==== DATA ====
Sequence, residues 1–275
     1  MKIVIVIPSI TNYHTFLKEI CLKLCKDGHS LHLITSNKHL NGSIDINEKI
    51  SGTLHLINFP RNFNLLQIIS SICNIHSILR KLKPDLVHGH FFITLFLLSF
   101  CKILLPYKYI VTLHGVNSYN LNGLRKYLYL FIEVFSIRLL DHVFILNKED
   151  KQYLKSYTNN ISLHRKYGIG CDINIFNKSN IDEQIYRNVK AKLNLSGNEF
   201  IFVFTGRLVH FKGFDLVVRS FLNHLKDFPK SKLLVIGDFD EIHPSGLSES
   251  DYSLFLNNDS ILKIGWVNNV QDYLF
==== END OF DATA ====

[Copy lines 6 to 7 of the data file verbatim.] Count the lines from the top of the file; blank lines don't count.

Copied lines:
   201  IFVFTGRLVH FKGFDLVVRS FLNHLKDFPK SKLLVIGDFD EIHPSGLSES
   251  DYSLFLNNDS ILKIGWVNNV QDYLF